Marlborough District Council’s Planning, Finance and Community Committee heard today that there will be a good supply of zoned land suitable for housing over the coming years, primarily in the North West of Blenheim, despite a possible lag in the development of land that is already available.
The monitoring report, part of the requirement for the Council to monitor housing and business market indicators each quarter under the National Policy Statement on Urban Development Capacity, shows an increase in house sale prices and a slowing of rental price increases in Blenheim’s urban area for the first quarter of 2019. Building and subdivision activity is lower than it has been for some time, reflecting the near-completion of major residential developments at Omaka Landing and Taylor Pass.
However, new developments are coming on stream, primarily in the North West Greenfield area, meaning there will be new sections available in 2020 and significantly more available for development from 2021.
In summary there are:
- 1780 lots (total) zoned greenfield capacity in Blenheim
- 152 equivalent lots serviced and available for development now in greenfield areas
- 197 equivalent lots in specific locations suitable for infill now
- 530 equivalent lots serviced and available for development in 2021
- 1080 equivalent lots (timeline undefined) – ‘sequential development’, which require planning and infrastructure agreements.
Planning, Finance and Community Committee chairman Trevor Hook says that builders are saying they have up to nine months work ahead of them.
“We need developers to get their plans underway for 2021, when over 530 lots will be available for building houses.
“Council is ready to provide the required infrastructure for these lots in the North West development area.”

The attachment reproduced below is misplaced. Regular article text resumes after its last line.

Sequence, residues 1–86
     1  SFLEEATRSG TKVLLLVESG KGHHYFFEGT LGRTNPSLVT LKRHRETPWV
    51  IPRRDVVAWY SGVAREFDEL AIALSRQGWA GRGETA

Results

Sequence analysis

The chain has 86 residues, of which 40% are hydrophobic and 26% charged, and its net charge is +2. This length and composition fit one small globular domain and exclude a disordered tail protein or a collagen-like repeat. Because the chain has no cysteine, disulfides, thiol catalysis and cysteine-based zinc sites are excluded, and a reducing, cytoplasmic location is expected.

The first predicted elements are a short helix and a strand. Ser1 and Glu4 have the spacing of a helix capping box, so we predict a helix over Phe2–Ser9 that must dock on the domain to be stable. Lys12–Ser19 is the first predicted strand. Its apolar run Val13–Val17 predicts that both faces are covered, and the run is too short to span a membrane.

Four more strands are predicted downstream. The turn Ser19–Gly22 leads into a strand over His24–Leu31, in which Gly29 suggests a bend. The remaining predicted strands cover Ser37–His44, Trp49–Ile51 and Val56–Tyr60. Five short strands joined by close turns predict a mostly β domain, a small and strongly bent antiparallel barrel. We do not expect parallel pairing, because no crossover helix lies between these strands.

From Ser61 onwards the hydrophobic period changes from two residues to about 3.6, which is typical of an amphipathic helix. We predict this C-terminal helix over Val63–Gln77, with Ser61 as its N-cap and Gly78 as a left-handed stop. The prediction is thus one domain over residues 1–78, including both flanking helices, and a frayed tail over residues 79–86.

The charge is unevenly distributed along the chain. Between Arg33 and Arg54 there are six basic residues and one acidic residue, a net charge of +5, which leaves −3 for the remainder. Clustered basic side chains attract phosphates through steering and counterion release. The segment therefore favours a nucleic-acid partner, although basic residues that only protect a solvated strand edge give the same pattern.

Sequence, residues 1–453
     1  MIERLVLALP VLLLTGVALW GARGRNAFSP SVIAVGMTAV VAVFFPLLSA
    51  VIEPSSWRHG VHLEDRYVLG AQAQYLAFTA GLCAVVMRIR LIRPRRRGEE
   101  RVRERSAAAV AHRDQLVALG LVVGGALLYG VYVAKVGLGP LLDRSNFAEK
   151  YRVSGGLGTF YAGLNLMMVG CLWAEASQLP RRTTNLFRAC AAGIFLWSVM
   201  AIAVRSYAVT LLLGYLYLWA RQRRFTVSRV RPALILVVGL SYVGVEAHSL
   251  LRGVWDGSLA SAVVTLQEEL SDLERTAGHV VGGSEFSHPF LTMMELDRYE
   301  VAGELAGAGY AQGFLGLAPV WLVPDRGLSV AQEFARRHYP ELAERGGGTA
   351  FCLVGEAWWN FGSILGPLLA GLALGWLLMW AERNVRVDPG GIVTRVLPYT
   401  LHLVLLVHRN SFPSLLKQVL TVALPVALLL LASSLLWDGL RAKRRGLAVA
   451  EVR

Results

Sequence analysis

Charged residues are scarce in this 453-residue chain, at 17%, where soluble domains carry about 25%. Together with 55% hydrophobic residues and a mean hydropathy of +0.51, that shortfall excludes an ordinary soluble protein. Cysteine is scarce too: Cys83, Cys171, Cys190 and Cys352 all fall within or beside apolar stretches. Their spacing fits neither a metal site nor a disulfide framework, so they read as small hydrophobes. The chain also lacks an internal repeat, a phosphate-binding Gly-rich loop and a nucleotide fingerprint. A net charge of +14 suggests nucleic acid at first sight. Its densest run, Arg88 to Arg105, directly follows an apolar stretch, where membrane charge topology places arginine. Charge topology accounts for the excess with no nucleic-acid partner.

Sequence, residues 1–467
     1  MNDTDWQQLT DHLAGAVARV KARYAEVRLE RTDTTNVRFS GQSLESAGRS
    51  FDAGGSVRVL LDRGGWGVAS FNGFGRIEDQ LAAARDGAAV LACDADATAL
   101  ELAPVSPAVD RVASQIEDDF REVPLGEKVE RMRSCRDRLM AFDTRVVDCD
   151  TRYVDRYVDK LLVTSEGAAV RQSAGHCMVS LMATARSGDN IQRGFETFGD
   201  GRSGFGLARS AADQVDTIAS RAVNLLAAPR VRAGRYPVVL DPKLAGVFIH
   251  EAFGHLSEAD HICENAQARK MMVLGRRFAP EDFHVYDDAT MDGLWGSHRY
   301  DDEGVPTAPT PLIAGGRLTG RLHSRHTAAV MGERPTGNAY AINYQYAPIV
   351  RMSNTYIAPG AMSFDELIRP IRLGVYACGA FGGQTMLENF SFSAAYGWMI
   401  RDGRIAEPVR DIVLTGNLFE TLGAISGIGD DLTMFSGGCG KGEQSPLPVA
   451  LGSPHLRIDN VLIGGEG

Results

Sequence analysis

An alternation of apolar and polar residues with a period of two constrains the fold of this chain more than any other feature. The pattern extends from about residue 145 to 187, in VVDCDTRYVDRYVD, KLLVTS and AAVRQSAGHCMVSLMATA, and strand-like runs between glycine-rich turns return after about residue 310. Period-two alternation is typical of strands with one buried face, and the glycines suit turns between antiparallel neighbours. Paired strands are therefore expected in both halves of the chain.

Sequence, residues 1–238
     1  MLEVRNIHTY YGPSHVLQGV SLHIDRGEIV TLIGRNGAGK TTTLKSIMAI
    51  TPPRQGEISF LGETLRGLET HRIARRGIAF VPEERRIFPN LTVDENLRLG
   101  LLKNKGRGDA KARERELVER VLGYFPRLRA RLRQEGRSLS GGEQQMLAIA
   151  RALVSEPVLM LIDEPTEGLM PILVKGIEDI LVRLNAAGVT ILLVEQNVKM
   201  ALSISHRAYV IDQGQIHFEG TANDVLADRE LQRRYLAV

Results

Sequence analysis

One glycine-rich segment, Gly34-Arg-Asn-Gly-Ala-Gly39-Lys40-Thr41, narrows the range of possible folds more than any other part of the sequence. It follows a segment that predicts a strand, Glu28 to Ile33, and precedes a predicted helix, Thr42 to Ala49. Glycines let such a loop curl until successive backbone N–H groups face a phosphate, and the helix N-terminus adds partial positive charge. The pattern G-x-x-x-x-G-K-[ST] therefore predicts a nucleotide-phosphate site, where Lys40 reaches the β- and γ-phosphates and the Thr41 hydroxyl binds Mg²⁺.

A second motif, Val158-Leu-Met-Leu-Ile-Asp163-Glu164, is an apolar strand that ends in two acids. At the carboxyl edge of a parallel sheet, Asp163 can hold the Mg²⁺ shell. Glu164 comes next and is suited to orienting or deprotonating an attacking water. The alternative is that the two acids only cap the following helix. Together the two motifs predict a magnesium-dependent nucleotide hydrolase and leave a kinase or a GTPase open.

“The major sewer upgrade has been designed and is now subject to peer review. It is expected to be under construction in the New Year.”
And, after 2021, he says, another 950 lots are likely to become available for development in the North West.
“However, some of these areas need to be developed before others – what we call sequential development – and we need the cooperation of landowners and developers to make this happen in the most cost-efficient and well planned way.”
“Overall the picture is reasonably good, but we need the cooperation of developers and landowners to achieve optimum results.”
Council Chief Executive Mark Wheeler said the total supply of lots is also subject to the outcome of the Marlborough Environment Plan (MEP). He noted as an example a submission to the Proposed MEP last year to rezone an area of land adjoining Battys Road.
“If this application is ultimately approved by the MEP Hearings Panel, it would provide land for hundreds more new houses, on top of the current 1780 lots in zoned greenfield capacity.”
Available lots are calculated at 10 per hectare, with demand expected to average around 110 lots per year, over 30 years. Please note: a Residential Development Capacity Update is attached.